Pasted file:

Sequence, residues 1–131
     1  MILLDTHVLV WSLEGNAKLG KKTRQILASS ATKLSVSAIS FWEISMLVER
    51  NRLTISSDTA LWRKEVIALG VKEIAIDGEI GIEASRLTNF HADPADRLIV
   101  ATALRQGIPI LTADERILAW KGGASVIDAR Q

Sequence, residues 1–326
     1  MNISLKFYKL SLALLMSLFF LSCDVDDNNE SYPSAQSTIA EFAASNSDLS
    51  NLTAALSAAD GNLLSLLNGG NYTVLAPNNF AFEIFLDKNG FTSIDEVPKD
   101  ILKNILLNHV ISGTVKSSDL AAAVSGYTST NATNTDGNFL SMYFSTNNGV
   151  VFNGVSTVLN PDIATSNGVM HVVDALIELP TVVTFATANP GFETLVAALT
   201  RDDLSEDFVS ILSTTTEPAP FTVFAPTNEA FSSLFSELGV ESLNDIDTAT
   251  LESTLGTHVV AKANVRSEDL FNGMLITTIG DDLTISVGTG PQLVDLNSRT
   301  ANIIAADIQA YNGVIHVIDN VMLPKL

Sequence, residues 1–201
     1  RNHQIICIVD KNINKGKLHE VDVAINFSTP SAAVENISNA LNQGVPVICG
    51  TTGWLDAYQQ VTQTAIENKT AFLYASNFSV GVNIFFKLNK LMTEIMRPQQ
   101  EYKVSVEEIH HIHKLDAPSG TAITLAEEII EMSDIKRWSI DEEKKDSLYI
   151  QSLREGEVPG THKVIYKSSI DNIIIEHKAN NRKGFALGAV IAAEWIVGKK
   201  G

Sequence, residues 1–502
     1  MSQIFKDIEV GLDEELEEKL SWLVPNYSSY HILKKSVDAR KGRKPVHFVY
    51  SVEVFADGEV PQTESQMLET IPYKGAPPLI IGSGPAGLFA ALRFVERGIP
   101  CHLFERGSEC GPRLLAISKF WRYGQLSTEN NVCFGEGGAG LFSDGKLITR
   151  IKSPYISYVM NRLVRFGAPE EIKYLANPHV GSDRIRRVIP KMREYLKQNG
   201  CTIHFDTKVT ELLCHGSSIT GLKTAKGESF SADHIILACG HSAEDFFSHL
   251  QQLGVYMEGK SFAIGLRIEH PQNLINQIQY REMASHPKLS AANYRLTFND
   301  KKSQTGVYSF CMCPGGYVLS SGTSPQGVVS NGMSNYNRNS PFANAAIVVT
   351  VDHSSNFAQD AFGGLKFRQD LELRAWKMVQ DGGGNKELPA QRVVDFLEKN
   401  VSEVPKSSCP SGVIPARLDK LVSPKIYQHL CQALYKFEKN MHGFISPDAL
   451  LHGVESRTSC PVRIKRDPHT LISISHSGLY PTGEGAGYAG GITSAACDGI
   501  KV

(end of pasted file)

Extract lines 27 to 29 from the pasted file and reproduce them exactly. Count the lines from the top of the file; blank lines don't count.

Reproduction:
   351  VDHSSNFAQD AFGGLKFRQD LELRAWKMVQ DGGGNKELPA QRVVDFLEKN
   401  VSEVPKSSCP SGVIPARLDK LVSPKIYQHL CQALYKFEKN MHGFISPDAL
   451  LHGVESRTSC PVRIKRDPHT LISISHSGLY PTGEGAGYAG GITSAACDGI